A React Router
<Switch> which can leave inactive routes mounted-but-inactive until you navigate back.
Part of React Hibernate
By defaut, navigating from one
<Route> to another in react-router will unmount the old route's tree.
If you return to it, it will be remounted from scratch.
This library adds
<HibernatingRoute>: drop-in replacements for
which do not immediately unmount components when you navigate away. If you return, the prior tree will be restored,
local state and all.
;// then render:<HibernatingSwitch maxCacheTime=60000>/* Use the "Hibernating" variants exactly like the standard ones */<HibernatingRoute path="/foo" component=... /><HibernatingRoute path="/bar" render=... />/* You can mix and match: use them alongside the normal react-router components */<Route path="/baz" component=... /><Redirect from="/something-else" to="/foo" />/* If you have your own custom components, add an isHibernatingRoute prop */<MyPrivateRoute path="/secret" component=... isHibernatingRoute /></HibernatingSwitch>
Props for HibernatingSwitch
maxCacheSize (number, default: 5)
Number of subtrees to keep in the cache, including the current one.
path is used for the cache keys.
Set a falsy value to disable.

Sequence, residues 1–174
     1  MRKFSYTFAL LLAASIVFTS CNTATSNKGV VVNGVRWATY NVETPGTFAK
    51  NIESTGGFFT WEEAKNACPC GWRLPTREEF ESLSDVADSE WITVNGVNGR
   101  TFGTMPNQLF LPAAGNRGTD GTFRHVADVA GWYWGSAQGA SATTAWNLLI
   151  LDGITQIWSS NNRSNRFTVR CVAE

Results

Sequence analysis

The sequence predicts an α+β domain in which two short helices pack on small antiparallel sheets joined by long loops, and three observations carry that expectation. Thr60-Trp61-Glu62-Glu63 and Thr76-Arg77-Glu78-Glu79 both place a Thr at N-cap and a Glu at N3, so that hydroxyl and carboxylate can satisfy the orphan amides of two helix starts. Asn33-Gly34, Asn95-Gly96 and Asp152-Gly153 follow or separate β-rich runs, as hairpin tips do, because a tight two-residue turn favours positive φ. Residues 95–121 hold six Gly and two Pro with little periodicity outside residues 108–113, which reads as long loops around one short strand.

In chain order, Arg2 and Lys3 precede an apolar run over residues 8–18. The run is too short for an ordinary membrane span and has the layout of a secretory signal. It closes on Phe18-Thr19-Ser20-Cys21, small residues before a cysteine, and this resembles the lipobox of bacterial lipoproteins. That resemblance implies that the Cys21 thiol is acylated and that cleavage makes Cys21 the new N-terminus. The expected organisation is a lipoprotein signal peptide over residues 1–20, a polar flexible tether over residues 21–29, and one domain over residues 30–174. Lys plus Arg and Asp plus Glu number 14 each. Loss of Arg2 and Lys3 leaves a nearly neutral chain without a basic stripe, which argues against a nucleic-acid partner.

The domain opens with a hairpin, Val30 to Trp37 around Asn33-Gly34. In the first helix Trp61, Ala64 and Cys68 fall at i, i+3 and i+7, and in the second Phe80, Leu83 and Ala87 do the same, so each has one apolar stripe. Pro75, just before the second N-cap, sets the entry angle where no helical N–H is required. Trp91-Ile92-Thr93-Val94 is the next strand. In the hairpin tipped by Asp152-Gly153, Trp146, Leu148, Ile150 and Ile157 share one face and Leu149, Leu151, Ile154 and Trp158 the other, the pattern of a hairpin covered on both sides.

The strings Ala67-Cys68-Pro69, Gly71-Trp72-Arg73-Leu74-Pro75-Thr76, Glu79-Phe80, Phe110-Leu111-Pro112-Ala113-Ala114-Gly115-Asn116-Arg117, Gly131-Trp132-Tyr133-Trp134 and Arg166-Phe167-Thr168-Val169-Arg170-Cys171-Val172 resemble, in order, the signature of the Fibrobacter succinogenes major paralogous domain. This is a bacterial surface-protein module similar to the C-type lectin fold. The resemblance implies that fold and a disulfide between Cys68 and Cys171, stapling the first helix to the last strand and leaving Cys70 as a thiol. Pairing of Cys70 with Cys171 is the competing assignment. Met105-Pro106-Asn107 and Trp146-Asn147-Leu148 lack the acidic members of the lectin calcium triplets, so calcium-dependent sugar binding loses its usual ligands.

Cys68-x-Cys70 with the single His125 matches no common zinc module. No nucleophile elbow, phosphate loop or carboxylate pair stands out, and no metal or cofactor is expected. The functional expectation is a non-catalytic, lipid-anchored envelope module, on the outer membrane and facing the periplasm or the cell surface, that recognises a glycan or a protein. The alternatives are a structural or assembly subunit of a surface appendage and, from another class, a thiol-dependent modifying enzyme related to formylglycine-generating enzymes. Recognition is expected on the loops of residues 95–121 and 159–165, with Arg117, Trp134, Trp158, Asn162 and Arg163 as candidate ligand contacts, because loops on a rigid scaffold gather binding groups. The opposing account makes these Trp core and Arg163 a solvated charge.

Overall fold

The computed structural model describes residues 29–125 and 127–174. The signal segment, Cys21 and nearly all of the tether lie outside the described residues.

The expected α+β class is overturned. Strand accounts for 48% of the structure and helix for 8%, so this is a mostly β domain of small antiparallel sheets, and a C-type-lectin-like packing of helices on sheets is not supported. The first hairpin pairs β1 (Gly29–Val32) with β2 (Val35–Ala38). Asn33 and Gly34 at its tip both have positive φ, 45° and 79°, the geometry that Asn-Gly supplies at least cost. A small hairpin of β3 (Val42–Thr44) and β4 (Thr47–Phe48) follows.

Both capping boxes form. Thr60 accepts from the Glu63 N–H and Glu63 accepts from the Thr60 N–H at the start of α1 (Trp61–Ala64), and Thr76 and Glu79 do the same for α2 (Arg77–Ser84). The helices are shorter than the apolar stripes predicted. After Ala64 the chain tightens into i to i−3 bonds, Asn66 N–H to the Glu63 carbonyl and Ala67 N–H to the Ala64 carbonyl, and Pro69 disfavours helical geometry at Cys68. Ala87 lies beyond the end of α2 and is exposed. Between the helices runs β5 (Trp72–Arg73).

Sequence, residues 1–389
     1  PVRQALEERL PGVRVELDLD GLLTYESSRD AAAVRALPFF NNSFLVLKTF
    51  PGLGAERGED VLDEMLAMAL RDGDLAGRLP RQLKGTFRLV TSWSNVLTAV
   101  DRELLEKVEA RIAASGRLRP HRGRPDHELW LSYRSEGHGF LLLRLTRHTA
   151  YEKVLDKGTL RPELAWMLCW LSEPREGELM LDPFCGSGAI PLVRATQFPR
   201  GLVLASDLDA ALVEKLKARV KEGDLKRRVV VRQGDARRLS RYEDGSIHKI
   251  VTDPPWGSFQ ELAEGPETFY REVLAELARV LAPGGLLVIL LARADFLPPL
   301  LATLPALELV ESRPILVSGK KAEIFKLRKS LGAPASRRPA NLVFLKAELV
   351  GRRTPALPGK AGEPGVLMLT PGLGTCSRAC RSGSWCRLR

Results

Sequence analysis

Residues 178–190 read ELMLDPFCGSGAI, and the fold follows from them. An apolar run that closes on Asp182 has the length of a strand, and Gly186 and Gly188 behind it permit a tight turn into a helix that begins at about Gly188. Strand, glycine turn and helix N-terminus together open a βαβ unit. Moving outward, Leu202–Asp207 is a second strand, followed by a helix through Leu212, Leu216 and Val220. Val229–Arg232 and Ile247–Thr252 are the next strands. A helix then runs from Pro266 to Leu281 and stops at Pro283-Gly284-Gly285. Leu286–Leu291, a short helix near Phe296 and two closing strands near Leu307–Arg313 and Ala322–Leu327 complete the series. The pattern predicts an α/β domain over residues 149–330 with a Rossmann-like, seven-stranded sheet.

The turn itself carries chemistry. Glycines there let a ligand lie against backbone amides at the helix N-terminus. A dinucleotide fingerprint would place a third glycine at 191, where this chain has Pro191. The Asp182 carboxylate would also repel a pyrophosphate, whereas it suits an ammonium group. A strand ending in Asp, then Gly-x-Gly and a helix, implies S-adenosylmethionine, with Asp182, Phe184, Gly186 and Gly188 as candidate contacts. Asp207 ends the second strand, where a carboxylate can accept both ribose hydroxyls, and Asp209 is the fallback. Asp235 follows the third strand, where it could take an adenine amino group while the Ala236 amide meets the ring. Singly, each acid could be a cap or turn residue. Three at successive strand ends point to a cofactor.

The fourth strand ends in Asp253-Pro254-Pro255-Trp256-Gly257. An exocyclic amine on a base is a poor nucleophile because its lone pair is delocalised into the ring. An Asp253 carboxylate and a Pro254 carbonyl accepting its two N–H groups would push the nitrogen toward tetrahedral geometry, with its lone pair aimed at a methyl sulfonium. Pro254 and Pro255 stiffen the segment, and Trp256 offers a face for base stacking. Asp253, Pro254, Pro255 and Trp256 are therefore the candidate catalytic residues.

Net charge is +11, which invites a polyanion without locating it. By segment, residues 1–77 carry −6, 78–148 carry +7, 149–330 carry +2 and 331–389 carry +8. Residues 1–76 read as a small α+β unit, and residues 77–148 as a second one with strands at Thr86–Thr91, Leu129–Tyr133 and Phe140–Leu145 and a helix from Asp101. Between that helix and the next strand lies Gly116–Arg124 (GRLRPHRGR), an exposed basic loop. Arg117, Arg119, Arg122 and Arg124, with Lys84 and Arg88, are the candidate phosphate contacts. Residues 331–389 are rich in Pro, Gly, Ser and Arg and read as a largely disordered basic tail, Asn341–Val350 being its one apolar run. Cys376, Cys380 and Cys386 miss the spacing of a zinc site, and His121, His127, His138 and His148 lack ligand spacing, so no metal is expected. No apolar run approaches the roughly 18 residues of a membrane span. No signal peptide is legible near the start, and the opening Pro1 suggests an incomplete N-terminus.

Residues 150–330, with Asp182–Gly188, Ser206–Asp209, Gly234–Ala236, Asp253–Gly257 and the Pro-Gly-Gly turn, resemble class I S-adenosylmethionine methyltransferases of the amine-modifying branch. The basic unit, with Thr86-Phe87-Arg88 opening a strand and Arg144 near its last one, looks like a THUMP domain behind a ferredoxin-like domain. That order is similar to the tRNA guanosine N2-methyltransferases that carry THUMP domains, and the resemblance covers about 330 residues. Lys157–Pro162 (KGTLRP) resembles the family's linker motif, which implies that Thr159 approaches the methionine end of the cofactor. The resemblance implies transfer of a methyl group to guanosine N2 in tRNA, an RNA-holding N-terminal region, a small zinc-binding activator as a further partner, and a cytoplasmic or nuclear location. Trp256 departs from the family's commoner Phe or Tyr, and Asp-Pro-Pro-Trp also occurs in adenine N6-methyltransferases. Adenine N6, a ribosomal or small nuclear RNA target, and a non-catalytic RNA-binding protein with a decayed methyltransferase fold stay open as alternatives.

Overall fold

maxCacheTime (milliseconds, default: 5 minutes)
Time after which a subtree is removed from the cache. Set a falsy value to disable.
WrapperComponent (React component, default: none)
A component which wraps all potentially-hibernatable routes. It receives a
React-Pauseable-Containers was created for this.
How it Works
When you revisit a route which is still in the cache, its prior subtree is reattached. Because the elements and instances were not destroyed, all prior state is still present -- both React state and dom state.
Preventing Extra Work in Inactive Routes
Previously-rendered trees are still mounted when inactive: they're just not attached to the dom.
HibernatingRoute will suppress the normal render cycle for inactive subtrees, but if a component in the subtree
experiences a state change or context update then it will rerun.
This is fundamental to React and cannot be avoided.
In most cases this is fine -- inactive subtrees still use minimal resources -- but if the component render is slow or has side effects then you may want to avoid running it at all.
You can do that by setting a
WrapperComponent which halts context updates.
React-Pauseable-Containers was created for this: you can use its components directly,
compose them together to make your
WrapperComponent, or follow the examples to make your own from scratch.
- Proof of concept
- Project scaffolding
- Core functionality
- Initial release
useHibernatingEffecthook (successfully prototyped)
maxCacheTimeoverride per-route (successfully prototyped)
- Explore: Options to better control which/when to add a subtree
- Explore: React-Router v6
"Cannot update a component from inside the function body of a different component" warning in React 16.13+
- This will be addressed as part of supporting React-Router v6, when subtree activation will need to be done via a component instead of a callback.